A number of uses from the Attribute Agreement Analysis method

This explanation will help participants understand ways by which they can apply this tool while learning how to bring down business costs. Jd will evaluate the benefits of human calibration by reviewing the three basic types of agreements.

The important learning this session will give is that it will enable participants to learn the ways of developing, creating, executing and interpreting an Attribute Agreement Analysis so that an accurate and repeatable disposition can be made and rework and returns can be effectively reduced.

At this webinar on Attribute Agreement Analysis, which will be highly useful to professionals such as Quality and Engineering system practitioners, Directors, Engineers, Analysts and Managers, Jd will cover the following areas:

o  To help people understand how AAA can be effectively utilized for mitigating business loss

o  Increased understanding of how to actually perform the analysis

o  Build confidence in the ability to calibrate a human operator.

Demonstrating Product Reliability

Product Reliability is among the most important attributes for a product, no matter what kind of product one is considering. Product Reliability can be defined as the likeliness or probability of the product performing its stated purpose, in the light of the conditions under which it is going to be put, for a defined period of time.

The parameters used for quantification of Product Reliability are:

o  MTBF or Mean Time Between Failures for products that can be repaired and used, and

o  MTTF or (Mean Time To Failure) for products that cannot be repaired.

If these are the parameters used for quantifying Product Reliability, how does one predict it? Quality professionals use a relatable analogy to explain how to assure measurability of Product Reliability. This is known as the bathtub curve analogy, where the start or early life of the product is placed at the start of the bathtub. As the product starts getting used, it moves on to the phase of its useful life, from where it moves on to its wear out time.

The time taken for each of these processes is the indication of Product Reliability. Product reliability using the bathtub curve analogy suggests that at the beginning of the product lifecycle, the probability of failure rate is relatively less. As the product progresses on to its next phases, the probability of failure rate increases. This is the root of the understanding of predicting Product Reliability. Mathematical formulae are used to describe these.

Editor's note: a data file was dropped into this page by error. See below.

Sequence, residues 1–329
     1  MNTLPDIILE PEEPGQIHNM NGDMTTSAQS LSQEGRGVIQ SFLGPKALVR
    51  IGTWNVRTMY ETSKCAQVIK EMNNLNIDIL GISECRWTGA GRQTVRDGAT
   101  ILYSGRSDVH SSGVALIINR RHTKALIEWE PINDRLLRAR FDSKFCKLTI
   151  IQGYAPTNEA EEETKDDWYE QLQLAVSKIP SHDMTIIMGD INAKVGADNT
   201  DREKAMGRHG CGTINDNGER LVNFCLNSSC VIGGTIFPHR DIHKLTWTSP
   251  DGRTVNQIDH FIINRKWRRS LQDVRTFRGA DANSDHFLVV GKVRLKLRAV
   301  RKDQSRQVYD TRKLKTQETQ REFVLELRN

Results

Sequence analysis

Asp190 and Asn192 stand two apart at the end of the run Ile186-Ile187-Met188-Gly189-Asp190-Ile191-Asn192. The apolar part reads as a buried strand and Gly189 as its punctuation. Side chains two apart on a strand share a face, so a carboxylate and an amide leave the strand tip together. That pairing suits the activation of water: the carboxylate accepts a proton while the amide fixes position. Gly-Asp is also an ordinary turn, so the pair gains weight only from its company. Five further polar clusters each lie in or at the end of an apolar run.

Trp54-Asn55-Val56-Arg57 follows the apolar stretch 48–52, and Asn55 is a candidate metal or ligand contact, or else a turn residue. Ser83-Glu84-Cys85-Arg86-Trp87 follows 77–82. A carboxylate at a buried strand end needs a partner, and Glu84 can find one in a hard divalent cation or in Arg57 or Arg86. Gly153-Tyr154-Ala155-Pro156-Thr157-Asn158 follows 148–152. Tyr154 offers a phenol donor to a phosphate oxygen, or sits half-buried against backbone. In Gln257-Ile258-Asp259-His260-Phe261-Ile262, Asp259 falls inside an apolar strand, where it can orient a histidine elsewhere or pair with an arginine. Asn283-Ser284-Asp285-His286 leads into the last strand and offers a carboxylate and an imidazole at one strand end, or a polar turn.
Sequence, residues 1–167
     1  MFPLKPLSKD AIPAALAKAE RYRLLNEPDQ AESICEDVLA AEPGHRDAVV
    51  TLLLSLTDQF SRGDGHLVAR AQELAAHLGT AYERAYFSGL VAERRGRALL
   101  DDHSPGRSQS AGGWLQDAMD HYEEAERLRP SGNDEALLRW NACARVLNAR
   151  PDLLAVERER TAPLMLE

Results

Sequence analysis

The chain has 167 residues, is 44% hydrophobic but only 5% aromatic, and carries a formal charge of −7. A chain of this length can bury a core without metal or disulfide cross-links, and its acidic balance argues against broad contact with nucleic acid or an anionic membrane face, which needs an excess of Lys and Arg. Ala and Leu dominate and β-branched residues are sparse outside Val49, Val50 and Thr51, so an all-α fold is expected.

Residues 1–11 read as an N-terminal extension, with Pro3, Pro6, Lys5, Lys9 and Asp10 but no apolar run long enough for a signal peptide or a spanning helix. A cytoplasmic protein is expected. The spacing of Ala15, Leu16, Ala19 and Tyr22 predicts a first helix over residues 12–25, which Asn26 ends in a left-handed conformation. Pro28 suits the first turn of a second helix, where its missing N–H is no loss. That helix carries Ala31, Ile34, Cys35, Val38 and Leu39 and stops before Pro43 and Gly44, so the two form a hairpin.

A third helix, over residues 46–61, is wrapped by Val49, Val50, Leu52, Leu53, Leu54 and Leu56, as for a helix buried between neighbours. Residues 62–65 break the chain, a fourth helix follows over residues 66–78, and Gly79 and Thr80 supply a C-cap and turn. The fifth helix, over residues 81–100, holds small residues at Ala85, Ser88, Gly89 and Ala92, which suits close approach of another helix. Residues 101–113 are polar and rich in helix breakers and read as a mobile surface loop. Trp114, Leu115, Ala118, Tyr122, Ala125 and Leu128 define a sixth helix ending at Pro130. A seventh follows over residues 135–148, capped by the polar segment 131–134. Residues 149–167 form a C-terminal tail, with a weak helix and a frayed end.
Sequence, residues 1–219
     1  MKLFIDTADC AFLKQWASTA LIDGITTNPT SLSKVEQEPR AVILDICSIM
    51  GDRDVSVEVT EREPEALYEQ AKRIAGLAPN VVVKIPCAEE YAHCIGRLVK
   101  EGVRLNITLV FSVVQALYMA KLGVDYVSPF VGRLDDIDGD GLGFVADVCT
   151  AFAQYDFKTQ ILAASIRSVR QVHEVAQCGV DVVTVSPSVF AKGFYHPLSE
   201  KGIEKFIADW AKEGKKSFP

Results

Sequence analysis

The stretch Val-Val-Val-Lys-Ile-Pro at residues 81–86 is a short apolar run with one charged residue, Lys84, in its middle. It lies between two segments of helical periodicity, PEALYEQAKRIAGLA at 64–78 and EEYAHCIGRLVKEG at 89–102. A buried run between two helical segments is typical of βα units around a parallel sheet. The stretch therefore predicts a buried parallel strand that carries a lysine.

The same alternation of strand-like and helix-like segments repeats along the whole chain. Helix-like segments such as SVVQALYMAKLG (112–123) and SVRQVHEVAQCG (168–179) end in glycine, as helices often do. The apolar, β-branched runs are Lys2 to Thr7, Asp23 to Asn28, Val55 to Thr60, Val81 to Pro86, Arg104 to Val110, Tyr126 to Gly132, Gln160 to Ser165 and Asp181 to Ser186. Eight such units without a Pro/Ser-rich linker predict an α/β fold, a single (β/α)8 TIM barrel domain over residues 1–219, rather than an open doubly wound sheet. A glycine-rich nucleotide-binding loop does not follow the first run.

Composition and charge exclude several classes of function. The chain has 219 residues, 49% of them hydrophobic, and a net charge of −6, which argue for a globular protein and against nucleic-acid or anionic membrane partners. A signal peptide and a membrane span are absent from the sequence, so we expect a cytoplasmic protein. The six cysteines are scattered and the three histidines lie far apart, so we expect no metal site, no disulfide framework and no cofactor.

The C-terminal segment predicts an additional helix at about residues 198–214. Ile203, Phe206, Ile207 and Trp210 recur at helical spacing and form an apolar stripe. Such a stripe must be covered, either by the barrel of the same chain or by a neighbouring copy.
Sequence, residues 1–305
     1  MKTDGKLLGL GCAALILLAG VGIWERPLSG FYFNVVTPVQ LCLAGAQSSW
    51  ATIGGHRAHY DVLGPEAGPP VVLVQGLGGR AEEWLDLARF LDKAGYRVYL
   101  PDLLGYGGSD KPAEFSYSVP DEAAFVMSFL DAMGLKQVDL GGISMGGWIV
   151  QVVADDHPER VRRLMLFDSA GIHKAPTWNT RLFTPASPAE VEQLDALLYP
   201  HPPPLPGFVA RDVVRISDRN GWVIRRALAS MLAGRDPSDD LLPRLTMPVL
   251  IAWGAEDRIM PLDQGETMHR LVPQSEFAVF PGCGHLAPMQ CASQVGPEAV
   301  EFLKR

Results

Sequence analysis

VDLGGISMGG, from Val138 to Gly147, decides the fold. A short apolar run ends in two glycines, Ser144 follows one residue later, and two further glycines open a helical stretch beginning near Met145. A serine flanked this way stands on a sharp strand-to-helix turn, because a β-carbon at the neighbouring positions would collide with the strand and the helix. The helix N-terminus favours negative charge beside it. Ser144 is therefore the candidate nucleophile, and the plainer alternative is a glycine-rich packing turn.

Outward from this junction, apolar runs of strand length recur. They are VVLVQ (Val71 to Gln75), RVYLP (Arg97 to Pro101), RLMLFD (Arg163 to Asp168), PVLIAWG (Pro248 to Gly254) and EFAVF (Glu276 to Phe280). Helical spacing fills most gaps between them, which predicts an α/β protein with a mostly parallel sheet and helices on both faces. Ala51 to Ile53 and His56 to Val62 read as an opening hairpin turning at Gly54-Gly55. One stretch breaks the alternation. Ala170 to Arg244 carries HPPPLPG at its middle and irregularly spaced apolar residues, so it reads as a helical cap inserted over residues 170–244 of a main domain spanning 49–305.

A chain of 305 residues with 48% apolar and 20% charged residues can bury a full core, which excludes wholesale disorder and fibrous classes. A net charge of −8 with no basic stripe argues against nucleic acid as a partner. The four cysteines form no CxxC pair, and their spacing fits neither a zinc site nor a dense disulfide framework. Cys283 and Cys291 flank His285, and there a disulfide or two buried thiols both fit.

How does on get Product Reliability right?

The ways of choosing the right reliability parameters for failure rates of respective products and estimating their lifecycle in the light of failure rates will be the topic of a webinar that is being organized by Compliance4All, a leading provider of professional trainings for all the areas of regulatory compliance.

At this webinar, Steven Wachs, Principal Statistician at Integral Concepts, Inc. where he assists manufacturers in the application of statistical methods to reduce variation and improve quality and productivity, will be the speaker. To benefit from the experience Steven brings into Quality, please register for this webinar by logging on to

A description of the various approaches to Product Reliability

Steven will offer and explain several approaches that can be used to verify whether reliability targets or specifications have been achieved at the desired level of confidence. In particular, he will describe the approaches using time-to-failure data to estimate reliability metrics.

Also taken up at this session, which will be of immense use to anyone with a vested interest in product quality and reliability, such as Product Engineers, Reliability Engineers, Design Engineers, Quality Engineers, Quality Assurance Managers, Project/Program Managers, and Manufacturing Personnel are demonstration tests, where minimum reliability may be demonstrated with zero or few failures.

A description of the methods that increase the risk of failures

Steven will discuss the kind of methods, which when used, increase the risks of field failures due either to inadequate designs or misconstruction of product use conditions that need to be managed. He will also offer the options for verifying and demonstrating that customer reliability requirements have been achieved.

Steven will cover the following areas at this webinar:

o  Overview of Reliability

o  Reliability Metrics and Specifications

o  Estimating Reliability with Time-to-Failure Data

o  Confidence Intervals and Bounds

o  Demonstrating Reliability with zero or few failures

o  Tradeoffs between Testing Time and Sample Size

o  Impact of Assumptions on Test Plans

o  Improving Demonstration Test Power

Alternatives to AQL sampling plans do exist

Alternatives to AQL sampling plans do exist, but companies need to be aware of them and explore them. Acceptance Quality Limit, or AQL, is applied as a benchmark in most manufacturing organizations to inspect the quality of products they purchase. It is only when the product meets AQL that the receipt is acknowledged and the payment made.

So, what is AQL?